P value represents difference in characteristics by study cohort based on analysis of variance or chi square test as appropriate.

The distributions of SBP and DBP by age categories in the three ethnic groups are shown in Figure 1A and 1B. Systolic BP increased with age in all three populations; diastolic BP increased up to 60 years, plateau around 60 years and began to decline after 70 years in Chinese whereas diastolic BP increased up to 60 years and began to decline after 60 years in Malays and Indians. Systolic BP was consistently higher across all age groups in Malays as compared to Chinese and Indians. A similar higher trend for diastolic BP was also noted in Malays as compared to Chinese and Indians. The prevalence of CKD was highest among Malays (21.0%) followed by Indians (7.4%) and Chinese (5.9%). Table 2 shows the association between BP categories and CKD in the Chinese population. Majority of those with hypertension belonged to stage 1 hypertension. The prevalence of CKD increased with increasing JNC 7 BP categories and a significant graded association was observed across the JNC-7 BP categories in the multivariable model (p-trend =0.005). Among the individual JNC-7 categories, although none of the categories showed a significant statistical association, the direction of association with CKD was positive for stage 1 and 2 hypertension, but was negative for prehypertension. Presence of hypertension showed a significant positive association with CKD. Among the individual components, systolic BP and PP were not significantly associated with CKD in both quartile and continuous analysis. In contrast, diastolic BP was inversely associated with CKD in both models. However, this inverse association lost significance when we additionally adjusted for antihypertensive medication use.
Figure 1

Distribution of systolic BP (1A) and diastolic BP (1B) by age groups across the three ethnic groups.

Table 2

Association between blood pressure (BP) categories and eGFR <60 mL/min/1.73 m 2 in Chinese population

BP categories

No. at risk(cases)

Prevalence of eGFR <60 mL/min/1.73 m2(%)

Age, sex-adjusted OR (95% CI)

Multivariable model 1* OR (95% CI)

Multivariable model 2† OR (95% CI)

JNC-7 BP category‡

     

   Normal

492 (7)

1.4

1.00 (referent)

1.00 (referent)

-

   Prehypertension

771 (10)

1.3

0.55 (0.20-1.50)

0.49 (0.18-1.35)

 

   Stage1 hypertension

1057 (88)

8.3

2.14 (0.95-4.82)

1.67 (0.73-3.81)

 

   Stage 2 hypertension

847 (115)

13.6

2.29 (1.01-5.18)

1.69 (0.73-3.90)

 

   P trend

  

0.002

0.005

 

Hypertensive status

     

   Normotensive

1263 (17)

1.4

1.00 (referent)

1.00 (referent)

-

   Hypertensive

1904 (203)

10.7

3.27 (1.94-5.53)

2.71 (1.59-4.63)

 

Systolic BP quartiles

     

   Quartile 1 (82–122 mm Hg)

780 (32)

4.1

1.00 (referent)

1.00 (referent)

1.00 (referent)

   Quartile 2 (123–135 mm Hg)

839 (46)

5.5

0.97 (0.59-1.61)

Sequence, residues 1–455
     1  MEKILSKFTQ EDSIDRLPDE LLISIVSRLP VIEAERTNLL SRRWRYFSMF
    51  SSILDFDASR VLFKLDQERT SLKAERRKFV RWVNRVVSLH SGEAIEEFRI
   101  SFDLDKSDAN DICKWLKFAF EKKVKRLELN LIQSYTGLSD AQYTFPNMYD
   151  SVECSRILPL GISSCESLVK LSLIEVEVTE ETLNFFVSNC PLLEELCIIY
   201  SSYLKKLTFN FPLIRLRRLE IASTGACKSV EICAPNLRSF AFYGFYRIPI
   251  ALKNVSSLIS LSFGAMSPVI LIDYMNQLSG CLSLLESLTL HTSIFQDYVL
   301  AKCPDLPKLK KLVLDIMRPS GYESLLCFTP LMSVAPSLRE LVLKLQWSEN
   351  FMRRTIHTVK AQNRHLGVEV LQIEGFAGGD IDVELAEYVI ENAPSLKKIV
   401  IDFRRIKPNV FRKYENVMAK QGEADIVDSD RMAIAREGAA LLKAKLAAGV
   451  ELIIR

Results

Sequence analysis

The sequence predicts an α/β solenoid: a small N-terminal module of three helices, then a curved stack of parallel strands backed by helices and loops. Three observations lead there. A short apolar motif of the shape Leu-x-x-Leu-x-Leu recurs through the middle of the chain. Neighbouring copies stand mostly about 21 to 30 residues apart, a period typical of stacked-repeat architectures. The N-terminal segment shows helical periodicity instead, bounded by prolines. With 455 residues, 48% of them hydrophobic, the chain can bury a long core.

0.91 (0.54-1.52)

0.81 (0.48-1.37)

   Quartile 3 (136–147 mm Hg)

754 (60)

8.0

0.89 (0.55-1.46)

0.82 (0.50-1.35)

0.75 (0.45-1.25)

   Quartile 4 (148–225 mm Hg)

794 (82)

10.3

0.77 (0.48-1.25)

0.68 (0.42-1.11)

0.64 (0.39-1.07)

   P trend

  

0.2

0.9

0.8

Each 10 units increase in systolic BP

  

0.96 (0.88-1.04)

0.94 (0.86-1.02)

0.94 (0.86-1.03)

Diastolic BP quartiles

     

   Quartile 1 (50–70 mm Hg)

869 (83)

9.6

1.00 (referent)

1.00 (referent)

1.00 (referent)

   Quartile 2 (71–76 mm Hg)

723 (45)

6.2

0.53 (0.35-0.81)

0.55 (0.36-0.84)

0.53 (0.34-0.83)

   Quartile 3 (77–83 mm Hg)

774 (54)

7.0

0.72 (0.48-1.07)

0.70 (0.47-1.04)

0.69 (0.44-1.08)

   Quartile 4 (84–117 mm Hg)

801 (38)

4.7

0.53 (0.34-0.82)

0.53 (0.34-0.83)

0.63 (0.36-1.09)

   P trend

  

0.01

0.01

0.1

Each 10 units increase in diastolic BP

  

0.82 (0.69-0.98)

0.81 (0.68-0.97)

0.87 (0.69-1.09)

Pulse pressure quartiles

     

   Quartile 1 (21–46 mm Hg)

786 (23)

2.9

1.00 (Referent)

1.00 (Referent)

1.00 (referent)

   Quartile 2 (47–55 mm Hg)

775 (36)

4.7

0.96 (0.54-1.69)

0.90 (0.51-1.61)

0.85 (0.47-1.54)

   Quartile 3 (56–67 mm Hg)

800 (59)

7.4

1.03 (0.60-1.77)

0.91 (0.53-1.58)

0.80 (0.45-1.39)

   Quartile 4 (68–121 mm hg)

806 (102)

12.7

0.92 (0.53-1.58)

0.80 (0.46-1.39)

0.71 (0.40-1.24)

   P trend

  

0.7

0.4

0.2

Each 10 units increase in pulse pressure

  

1.00 (0.90-1.10)

0.97 (0.88-1.08)

0.96 (0.87-1.07)

Abbreviations: eGFR, estimated glomerular filtration rate; OR, odds ratio; CI, confidence interval; * Adjusted for age (years), gender, education (primary and below, high school and above), body mass index (kg/m2), smoking (current, former, never), alcohol intake (present, absent), diabetes status (present, absent).

† Adjusted for variables in model 1 + antihypertensive medication use.

‡ BP classified according to Seventh Report of the Joint National Committee (JNC 7) on Prevention, Detection, Evaluation, and